The cries of pregnant cancer patient Melissa Evans echoed throughout the Port-of-Spain Magistrate’s Court yesterday after she was told she had to spend a night in prison after being denied bail in
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Constitution Commission: PM, ministers should be senators, not MPs
Citizens will have to vote twice in the next general election, due in 2015, if a recommendation by the Constitution Commission to have senators elected is approved. The commission, chaired by Legal Affairs Minister Prakash Ramadhar, completed its report on December 27 after months of public and private consultations with stakeholders. The report also recommends that the Prime Minister and Cabinet ministers be senators, and not MPs.
“If ministers are drawn from the Senate only, and not from the House of Representatives, this will make the Senate the focus of executive power,” the report said, adding: “...the House of Representatives will become more effective of its name in respect of duties to be performed by its members.”
The commission said the House of Representatives could play “a new and enhanced role of scrutiny for the Parliament.” It said MPs could address constituency matters there and also serve parliamentary committees to keep the Government in check. On the reform of Parliament, the report recommended that senators (apart from the nine to be appointed by the President) be elected by a system of proportional representation using the Hare method; it also suggested an increase by ten in the number of senators to 41.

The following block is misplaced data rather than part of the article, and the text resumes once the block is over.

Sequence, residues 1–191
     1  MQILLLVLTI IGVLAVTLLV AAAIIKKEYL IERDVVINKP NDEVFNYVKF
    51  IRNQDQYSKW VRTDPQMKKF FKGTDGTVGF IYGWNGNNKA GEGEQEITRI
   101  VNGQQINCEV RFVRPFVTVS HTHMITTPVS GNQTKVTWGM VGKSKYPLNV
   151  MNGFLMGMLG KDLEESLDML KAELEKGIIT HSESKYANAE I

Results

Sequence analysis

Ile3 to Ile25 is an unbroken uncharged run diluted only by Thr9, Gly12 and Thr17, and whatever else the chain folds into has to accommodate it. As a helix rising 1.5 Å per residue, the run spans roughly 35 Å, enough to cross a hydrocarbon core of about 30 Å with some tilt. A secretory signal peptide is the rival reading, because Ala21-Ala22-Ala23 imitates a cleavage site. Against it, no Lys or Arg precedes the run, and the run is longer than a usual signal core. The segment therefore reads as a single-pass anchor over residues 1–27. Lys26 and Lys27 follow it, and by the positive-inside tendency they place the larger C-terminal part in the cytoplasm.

“Each voter should be entitled to two votes, one for his/her MP in the House of Representatives and the second vote for a party list in the Senate,” it said. Under the proposed proportional representation system for electing senators, the Ramadhar Commission said each political party contesting the election would present a list of candidates, including its choice for prime minister.
The Elections and Boundaries Commission (EBC) would inform the president of the party which gets more than 50 per cent of votes cast; and he will subsequently appoint the party's prime ministerial candidate as Prime Minister. “If no party list earns such a majority of votes, the elected senators would choose a prime minister at their first sitting.” The report said that election would be presided over by the Senate President; only prime ministerial candidates listed for the General Election would be eligible.
If the Senate fails to elect a prime minister, the report said the “President shall appoint as Prime Minister, the person whose list earned the largest single number of votes cast.”